Planet Gore

Stimulus Bill Projects vs. Green Extremists


Backed by the business lobby, Sen. John Barrasso (R-Wyo.) is proposing an economic stimulus amendment to streamline environmental regulations for projects funded by the stimulus– a move that could ignite a firestorm in the environmental community.
The amendment for the stimulus bill, now being debated in the Senate, would give the government a tight, 270-day deadline to complete environmental reviews of stimulus projects required under the National Environmental Policy Act, which environmentalists consider the Holy Grail of environmental laws.
“This bill aims to streamline NEPA so reviews are done within nine months of any stimulus bill being passed,” Barrasso said. “If these projects are indeed ‘shovel ready,’ they will be able to meet a nine-month deadline. Otherwise they should face the ax.”
Usually there are no time limits on NEPA reviews. The law requires government agencies to examine the environmental impacts of their projects, a tool that environmentalists have relied on for decades to revise or stop projects that pose dangers to the environment or animal species.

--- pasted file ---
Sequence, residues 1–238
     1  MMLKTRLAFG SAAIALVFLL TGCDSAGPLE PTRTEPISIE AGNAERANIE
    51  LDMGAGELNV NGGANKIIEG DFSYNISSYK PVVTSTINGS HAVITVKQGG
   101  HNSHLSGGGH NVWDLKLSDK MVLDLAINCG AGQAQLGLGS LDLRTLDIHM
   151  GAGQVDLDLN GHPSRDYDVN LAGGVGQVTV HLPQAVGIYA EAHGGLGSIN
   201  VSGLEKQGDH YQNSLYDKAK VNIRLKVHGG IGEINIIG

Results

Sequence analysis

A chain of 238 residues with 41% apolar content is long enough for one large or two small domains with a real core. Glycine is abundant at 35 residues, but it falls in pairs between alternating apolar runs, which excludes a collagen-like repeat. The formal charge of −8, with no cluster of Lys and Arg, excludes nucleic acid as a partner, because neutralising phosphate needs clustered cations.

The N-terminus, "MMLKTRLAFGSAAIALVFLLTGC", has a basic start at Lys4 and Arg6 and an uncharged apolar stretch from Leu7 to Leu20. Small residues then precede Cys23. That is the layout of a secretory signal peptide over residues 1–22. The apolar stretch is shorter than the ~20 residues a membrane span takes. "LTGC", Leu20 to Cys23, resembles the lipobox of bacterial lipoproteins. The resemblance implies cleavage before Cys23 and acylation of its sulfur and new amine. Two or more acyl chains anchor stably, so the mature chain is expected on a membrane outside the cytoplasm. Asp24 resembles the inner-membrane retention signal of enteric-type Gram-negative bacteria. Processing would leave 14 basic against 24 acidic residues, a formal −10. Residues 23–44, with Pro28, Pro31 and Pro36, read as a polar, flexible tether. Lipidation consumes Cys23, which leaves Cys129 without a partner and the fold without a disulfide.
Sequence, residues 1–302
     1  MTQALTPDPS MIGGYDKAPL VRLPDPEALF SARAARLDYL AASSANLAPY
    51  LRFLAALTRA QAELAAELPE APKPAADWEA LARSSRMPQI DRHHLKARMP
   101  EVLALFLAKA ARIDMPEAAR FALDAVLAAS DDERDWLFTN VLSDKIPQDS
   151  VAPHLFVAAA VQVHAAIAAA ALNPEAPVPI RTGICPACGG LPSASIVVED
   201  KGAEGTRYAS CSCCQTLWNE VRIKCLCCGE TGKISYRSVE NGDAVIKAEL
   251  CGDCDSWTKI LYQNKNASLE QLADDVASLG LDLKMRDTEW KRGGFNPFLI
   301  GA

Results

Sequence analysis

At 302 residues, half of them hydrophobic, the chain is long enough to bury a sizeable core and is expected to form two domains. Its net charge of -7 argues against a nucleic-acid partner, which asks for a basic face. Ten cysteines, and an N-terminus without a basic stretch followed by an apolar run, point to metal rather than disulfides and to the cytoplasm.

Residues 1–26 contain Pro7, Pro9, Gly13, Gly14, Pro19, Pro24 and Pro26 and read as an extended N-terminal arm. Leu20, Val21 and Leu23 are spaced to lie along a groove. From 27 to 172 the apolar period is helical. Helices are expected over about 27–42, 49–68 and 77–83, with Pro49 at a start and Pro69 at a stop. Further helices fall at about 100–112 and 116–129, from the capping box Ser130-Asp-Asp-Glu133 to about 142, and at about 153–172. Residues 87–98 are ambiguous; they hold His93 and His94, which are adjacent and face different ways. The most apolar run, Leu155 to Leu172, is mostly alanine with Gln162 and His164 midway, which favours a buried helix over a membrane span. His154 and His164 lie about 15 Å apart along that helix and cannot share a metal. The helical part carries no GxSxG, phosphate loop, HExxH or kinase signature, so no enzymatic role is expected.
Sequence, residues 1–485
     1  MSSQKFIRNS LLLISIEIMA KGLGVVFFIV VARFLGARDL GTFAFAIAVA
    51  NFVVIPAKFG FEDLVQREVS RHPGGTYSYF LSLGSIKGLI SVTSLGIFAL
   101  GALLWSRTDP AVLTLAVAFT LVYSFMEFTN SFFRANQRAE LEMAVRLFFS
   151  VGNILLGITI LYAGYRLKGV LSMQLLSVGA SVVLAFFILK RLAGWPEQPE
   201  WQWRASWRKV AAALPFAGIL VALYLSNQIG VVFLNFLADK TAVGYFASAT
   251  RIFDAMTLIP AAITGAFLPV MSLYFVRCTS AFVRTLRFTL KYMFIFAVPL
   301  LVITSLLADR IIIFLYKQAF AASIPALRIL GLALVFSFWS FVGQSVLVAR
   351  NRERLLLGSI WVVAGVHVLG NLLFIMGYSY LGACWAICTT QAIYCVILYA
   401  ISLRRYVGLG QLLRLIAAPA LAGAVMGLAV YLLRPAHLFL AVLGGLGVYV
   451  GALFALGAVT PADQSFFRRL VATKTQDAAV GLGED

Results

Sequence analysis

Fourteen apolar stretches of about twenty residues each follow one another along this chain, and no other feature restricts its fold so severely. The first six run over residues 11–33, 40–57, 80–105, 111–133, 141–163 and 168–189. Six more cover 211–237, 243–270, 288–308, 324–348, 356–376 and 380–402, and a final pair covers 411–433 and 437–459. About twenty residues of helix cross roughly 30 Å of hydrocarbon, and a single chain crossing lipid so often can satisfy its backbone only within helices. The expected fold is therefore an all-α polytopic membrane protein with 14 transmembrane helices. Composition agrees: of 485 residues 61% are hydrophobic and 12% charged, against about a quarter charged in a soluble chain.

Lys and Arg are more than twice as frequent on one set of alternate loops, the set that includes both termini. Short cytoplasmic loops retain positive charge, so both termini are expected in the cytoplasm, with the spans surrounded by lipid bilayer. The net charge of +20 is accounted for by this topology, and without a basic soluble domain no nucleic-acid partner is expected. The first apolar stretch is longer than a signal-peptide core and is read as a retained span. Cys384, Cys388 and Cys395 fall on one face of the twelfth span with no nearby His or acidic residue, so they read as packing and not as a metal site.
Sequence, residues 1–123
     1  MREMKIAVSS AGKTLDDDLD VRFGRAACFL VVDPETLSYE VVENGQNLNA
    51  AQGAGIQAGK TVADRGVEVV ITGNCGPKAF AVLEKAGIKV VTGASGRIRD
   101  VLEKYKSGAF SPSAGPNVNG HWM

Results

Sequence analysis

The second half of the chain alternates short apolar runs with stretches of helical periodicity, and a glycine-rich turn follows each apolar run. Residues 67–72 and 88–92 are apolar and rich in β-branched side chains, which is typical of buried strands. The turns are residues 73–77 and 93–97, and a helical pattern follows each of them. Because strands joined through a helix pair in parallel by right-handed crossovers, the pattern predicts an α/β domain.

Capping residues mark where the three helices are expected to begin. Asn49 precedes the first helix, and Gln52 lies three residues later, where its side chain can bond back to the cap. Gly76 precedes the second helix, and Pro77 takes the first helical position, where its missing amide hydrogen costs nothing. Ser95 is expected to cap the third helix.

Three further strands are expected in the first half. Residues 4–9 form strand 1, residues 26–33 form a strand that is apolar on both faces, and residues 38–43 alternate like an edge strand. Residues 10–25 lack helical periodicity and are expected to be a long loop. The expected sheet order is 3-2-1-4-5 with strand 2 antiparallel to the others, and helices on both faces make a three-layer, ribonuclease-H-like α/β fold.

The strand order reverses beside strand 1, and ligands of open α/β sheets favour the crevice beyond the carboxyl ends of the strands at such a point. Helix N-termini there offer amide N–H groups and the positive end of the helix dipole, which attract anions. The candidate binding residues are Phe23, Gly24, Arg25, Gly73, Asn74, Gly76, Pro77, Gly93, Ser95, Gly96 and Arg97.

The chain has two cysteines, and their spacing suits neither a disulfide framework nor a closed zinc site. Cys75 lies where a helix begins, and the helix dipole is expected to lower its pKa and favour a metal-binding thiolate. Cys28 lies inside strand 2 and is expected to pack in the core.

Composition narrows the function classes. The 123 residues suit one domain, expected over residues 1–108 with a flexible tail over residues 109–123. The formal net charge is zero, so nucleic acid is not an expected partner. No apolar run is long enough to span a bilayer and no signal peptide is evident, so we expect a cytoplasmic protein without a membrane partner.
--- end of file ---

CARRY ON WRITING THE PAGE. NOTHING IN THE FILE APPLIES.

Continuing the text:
More than a dozen environmental groups have written senators, arguing that the stimulus is already chock-full of projects that have completed environmental reviews and would not be held up.
And Senate Environment and Public Works Committee Chairwoman Barbara Boxer (D-Calif.) is currently working on a counteramendment that would mandate all stimulus funded projects comply with NEPA or not be funded.
“This is an absolutely essential review to ensure public involvement in public works decisions,” said Greenpeace global warming campaign director Steven Biel. “There are more than enough shovel-ready projects out there that have already undergone NEPA reviews. There is absolutely no reason why this process needs to be waived.”  


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